Well, it’s been quite a Summer! Our guess is that it would be easier to beat Usain Bolt in the 100 metre sprint, while doing the ‘Mobot’, than it would to find somebody who hasn’t been inspired in some way by the athletes who participated in the 2012 games. Perhaps our recent focus on such healthy and self-disciplined beings is the reason for exercise, diet and weight loss making re-entries in the Aurora top 20…
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According to media coverage in August, many of us are failing miserably with our ‘five-a-day’ and eating far too much saturated fat. To make things worse, even our doctors aren’t being taught enough about the health benefits of exercise to help get us on the straight and narrow. Perhaps this accounts for the rise in NHS surgery for obesity? Yet, alongside this rather dismal news, were some nuggets of hope and advice for those willing to do what they can to avoid being ‘condemned to a lifetime of illness’. According to the month’s stories, it’s down with fizzy drinks, up with blackcurrants, back with free milk in school and if you want to cut your chances of diabetes, then it might be worth considering pumping some iron.
Lifestyle topics continued to be top charters with alcohol making a re-appearance at number 15. A similar pattern appears here with the dark cloud of the middle classes being driven to drink by the recession, accompanied by the silver lining of the demon drink protecting against osteoporosis, cutting falls by steadying the elderly on their feet and ‘positive social effects’ for university drinkers (hmm). All of the above in moderation, of course!
Vaccination appeared straight in at number six as a brand new entry. One of the biggest outbreaks in measles in decades resulted in experts asking parents to ensure their children have had the ‘vital’ MMR vaccine before sending them back to school after the Summer holidays. According to the Health Protection Agency (HPA), the incidence of this potentially fatal disease has almost doubled to 964 confirmed cases in the first half of this year, compared to 497 in the same period the previous year. In addition, a number of national newspapers reported on a move by the NHS to offer every child between the ages of two and 17 a free nasal flu vaccination in order to see a 40 per cent reduction in flu cases, 11,000 less hospitalisations and saving 2,000 lives per year – but not until 2014. Potential whooping cough jabs for teenagers and pregnant women following a worrying outbreak and shingles jabs for the elderly also hit the headlines.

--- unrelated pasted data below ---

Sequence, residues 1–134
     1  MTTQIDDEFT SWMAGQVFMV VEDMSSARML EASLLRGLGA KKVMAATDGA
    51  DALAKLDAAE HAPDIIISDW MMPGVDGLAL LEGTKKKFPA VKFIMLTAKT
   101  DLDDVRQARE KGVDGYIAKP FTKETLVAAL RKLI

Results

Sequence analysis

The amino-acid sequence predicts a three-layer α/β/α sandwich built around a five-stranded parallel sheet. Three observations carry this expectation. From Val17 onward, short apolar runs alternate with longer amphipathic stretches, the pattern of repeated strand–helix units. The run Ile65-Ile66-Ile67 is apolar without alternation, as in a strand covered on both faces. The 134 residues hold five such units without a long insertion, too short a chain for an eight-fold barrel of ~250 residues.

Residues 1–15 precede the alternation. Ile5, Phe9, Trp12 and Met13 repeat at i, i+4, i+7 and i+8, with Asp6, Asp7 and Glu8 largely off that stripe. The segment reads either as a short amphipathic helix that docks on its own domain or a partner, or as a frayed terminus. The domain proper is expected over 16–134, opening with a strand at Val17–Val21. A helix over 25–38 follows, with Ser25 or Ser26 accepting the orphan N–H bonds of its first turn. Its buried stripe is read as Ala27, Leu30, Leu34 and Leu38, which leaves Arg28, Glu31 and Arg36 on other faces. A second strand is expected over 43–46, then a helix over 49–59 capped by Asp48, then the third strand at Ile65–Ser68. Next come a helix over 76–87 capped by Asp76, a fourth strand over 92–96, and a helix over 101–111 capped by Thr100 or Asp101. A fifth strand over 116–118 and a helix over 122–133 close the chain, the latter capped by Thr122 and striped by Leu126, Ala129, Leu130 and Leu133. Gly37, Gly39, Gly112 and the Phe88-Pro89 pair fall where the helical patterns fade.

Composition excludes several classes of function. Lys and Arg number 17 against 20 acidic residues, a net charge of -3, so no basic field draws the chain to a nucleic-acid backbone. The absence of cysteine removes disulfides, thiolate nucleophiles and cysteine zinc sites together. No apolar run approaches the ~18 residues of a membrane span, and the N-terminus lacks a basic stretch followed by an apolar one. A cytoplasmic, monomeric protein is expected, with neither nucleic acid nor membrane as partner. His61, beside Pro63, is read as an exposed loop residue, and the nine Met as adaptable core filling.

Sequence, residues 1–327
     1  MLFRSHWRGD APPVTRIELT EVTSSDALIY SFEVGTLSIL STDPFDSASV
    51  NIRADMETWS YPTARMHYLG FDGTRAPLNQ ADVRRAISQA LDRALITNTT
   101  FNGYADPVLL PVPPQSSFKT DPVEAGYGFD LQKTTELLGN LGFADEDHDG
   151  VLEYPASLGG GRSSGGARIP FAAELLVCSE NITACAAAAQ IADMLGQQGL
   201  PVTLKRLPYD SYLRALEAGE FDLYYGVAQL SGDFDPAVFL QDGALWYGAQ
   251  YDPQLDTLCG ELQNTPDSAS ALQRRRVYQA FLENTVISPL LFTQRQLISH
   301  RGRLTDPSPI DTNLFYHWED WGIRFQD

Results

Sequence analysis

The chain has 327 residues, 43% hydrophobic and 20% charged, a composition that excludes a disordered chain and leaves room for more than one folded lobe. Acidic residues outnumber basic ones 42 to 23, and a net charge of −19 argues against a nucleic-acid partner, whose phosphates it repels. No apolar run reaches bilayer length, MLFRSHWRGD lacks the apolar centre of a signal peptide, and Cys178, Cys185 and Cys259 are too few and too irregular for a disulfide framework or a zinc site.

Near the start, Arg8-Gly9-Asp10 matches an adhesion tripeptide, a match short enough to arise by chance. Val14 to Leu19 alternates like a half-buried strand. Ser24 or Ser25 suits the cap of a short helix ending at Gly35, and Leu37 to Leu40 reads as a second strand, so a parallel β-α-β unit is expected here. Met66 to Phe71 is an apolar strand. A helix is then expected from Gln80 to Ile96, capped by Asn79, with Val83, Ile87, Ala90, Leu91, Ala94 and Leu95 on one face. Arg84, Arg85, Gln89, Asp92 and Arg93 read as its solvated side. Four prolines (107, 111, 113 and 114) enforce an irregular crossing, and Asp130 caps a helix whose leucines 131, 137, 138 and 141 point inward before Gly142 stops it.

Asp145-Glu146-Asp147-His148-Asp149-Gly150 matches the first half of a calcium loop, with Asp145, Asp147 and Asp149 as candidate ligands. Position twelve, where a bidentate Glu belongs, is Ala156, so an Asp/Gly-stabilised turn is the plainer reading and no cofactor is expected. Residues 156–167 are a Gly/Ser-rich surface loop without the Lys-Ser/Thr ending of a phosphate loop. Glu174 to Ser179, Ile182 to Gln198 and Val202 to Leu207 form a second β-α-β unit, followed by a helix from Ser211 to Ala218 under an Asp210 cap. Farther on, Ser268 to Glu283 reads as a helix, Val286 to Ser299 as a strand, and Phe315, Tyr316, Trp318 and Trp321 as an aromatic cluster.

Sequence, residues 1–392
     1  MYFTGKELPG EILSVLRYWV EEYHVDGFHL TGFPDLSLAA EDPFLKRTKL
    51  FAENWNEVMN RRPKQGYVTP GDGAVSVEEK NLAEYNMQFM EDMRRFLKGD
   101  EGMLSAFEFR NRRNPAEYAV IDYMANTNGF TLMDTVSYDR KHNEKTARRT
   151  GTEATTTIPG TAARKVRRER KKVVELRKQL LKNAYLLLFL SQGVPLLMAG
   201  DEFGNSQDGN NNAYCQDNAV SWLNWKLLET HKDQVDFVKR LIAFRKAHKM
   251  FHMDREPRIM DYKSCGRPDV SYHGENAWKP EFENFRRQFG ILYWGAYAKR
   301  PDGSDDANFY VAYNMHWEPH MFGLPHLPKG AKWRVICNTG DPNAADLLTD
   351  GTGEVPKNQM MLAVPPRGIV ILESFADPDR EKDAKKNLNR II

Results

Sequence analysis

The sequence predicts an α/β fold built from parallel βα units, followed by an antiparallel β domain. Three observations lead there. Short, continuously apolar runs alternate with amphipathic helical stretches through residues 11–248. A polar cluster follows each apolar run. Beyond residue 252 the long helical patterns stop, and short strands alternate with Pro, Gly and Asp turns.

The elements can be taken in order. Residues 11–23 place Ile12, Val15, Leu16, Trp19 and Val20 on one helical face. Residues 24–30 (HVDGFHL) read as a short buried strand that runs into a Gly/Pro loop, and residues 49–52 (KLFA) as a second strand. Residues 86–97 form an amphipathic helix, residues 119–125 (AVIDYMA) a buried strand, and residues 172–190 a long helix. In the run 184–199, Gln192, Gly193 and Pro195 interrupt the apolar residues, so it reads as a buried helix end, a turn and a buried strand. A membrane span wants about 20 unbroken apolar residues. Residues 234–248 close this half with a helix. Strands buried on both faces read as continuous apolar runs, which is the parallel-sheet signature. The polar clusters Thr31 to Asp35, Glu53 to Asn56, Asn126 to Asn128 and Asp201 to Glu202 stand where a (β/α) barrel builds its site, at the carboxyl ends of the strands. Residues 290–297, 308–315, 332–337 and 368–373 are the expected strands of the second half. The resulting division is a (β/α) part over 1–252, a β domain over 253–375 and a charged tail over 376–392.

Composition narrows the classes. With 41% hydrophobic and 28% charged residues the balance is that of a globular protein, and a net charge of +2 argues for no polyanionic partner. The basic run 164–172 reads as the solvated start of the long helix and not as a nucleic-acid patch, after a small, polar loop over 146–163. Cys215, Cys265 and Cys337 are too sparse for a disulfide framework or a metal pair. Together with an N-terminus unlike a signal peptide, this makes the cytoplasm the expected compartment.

Other hot topics were mental health, depression and NHS services, with reports including spending on mental health falling for the first time in a decade, an increase in GPs telling patients to go private and the possibility that we are becoming a nation of ‘happy pill’ poppers, following the release of information on the prescription of antidepressants during 2011.
And finally, and on a slightly morbid note (sorry if we have already sent you running for the ‘happy-pills’), one article which caught our eye here at Aurora was a report from a pilot study, covered only by The Daily Telegraph and The Guardian, that a quarter, yes – a quarter, of patient death records show the wrong cause of death. Although the report suggests it is unlikely that doctors are deliberately falsifying information, it does indicate that this lack of precision means that death records might be hiding the true scale of some diseases, not to mention friends and relatives being given the wrong information about their nearest and dearest. All a bit scary if you ask us. Feels like time to start on the blackcurrants and sample some of the ‘positive social effects’ of alcohol, perhaps?
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Aurora strives to apply quantitative, qualitative and emotional understanding of health issues to client communication programmes. Dove-tailing informed PR activity with the media’s appetite enables us to assist clients with communicating their vision.
The top 20 chart provides our interpretative snap-shot of health stories in the national press and is based upon a quantitative process. Analysis based on news from the 26 July to 25 August.